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You do a pretty good job analyzing political considerations, Gov. Asa Hutchinson told me the other day. But he said I seldom if ever seemed to consider that sometimes politicians do what they think is right.

We were deep in a discussion of the governor's supporting a hate-crimes law and his attempt at balancing business interests in dealing with the pandemic.

Now Hutchinson has me thinking anew about U.S. Sen. Tom Cotton. And that, in turn, has me preparing to concede that, sometimes, the political calculation and the right thing can coincide.

It came to pass Sunday evening that Cotton put out a statement parting with Donald Trump for the first time I could recall.

Cotton announced that he would not support the action of a dozen or so fellow right-wing Republican U.S. senators in formally objecting to the electoral college report of Joe Biden's presidential victory, thus forcing a period of debate on bogus allegations that Trump got cheated.

The junior Arkansas senator and potential presidential contender in 2024 said it would be inappropriate and potentially harmful for Congress to presume at this juncture to try to undo or discredit the constitutionally established process for selecting a president that prescribes roles now completed for the people, the 50 states individually and the electors.

Cotton said he had no doubt there were voting irregularities. He said he was concerned about processes that states followed in relaxing mail-voting standards. He said those needed to be investigated fully by a commission.

But a commission would be long-term and bear not at all on Biden's inevitable inauguration or Trump's arduous removal by heavy crane from the White House.

Cotton was entirely right about the inappropriateness and the dangerous precedent. And there is nothing wrong with a commission studying the various mail-voting processes in the states and making recommendations for how states, who run their own elections independently, might improve those processes.

And I have no doubt that Cotton really believes all of that.

He deserves credit for principle and spunk if for no other reason than that he had to know Trump would tweet-attack him, as he did, and that social media would abound in Trump-cult denouncements of him, as it did.

In this case, though, declaring as right the thing he knew to be right happened to serve Cotton's savvier political calculation.

What you're looking for when pondering a race for a presidential nomination is a plausible pathway. One pathway for an ambitious national Republican is to seek to be Trump II and inherit his 35 percent base of know-nothings and the mind-misplaced.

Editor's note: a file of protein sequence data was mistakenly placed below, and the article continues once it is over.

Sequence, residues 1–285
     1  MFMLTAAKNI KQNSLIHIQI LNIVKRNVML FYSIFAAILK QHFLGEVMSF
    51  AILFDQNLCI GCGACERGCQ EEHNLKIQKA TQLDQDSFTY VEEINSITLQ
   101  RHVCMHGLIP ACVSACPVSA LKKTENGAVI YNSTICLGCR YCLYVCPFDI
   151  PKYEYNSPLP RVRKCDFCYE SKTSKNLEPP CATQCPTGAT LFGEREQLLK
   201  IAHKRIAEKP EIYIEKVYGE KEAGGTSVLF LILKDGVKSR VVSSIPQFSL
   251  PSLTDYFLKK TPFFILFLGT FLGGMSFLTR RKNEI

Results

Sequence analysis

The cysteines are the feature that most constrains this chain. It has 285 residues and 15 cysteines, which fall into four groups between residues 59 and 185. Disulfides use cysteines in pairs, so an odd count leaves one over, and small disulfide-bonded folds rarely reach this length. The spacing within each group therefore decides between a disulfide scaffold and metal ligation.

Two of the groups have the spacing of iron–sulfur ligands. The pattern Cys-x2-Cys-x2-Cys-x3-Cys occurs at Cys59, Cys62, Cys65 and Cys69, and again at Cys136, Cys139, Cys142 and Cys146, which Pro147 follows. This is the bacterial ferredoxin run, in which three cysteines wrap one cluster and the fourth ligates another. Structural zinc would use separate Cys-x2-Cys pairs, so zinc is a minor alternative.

In this case, Cotton might have chosen that path except that two of his key rivals, fellow senators Ted Cruz and Josh Hawley, got out ahead of him. They took the lead in anti-democratic, despot-endorsing resistance to the certified outcome of a free and fair election.

Cotton was left either to sign on as a late-coming, me-too follower of his rivals or seek another path less soul-surrendered to Trump and his base.

It happens that a path could well exist for a sane version of harsh unyielding conservatism.

Trump is in the process of melting down fully. Genuine sane conservatives--like the editorial writers for The Wall Street Journal, the Koch network and right-wing radio stalwart Hugh Hewitt--tend toward a more intelligent harsh conservatism that is not only transcendent of Trump and his followers, but more genuinely conservative.

Trump is not ideological, but pathological. He is not intellectual, but narcissistic. His followers don't much know what they're talking about beyond superficial adoration of him and superficial disdain for everyone else.

Cotton can angle for the sane and smarter wing of contemporary Republicanism, and only hope it remains substantial.

Cotton seems less naturally suited to Trump madness than to scowling Dick Cheney conservatism, which was plenty conservative enough--and plenty frightful enough--back when America was more stable.

So, newly sensitized by gubernatorial admonition, I rise to praise Tom Cotton for doing the right thing.

And, still ever alert to political calculation, I submit that circumstances arose for Cotton by which he could, at once, do the right thing and politically calculate an advantage to it.

John Brummett, whose column appears regularly in the Arkansas Democrat-Gazette, is a member of the Arkansas Writers' Hall of Fame. Email him at jbrummett@arkansasonline.com. Read his @johnbrummett Twitter feed.

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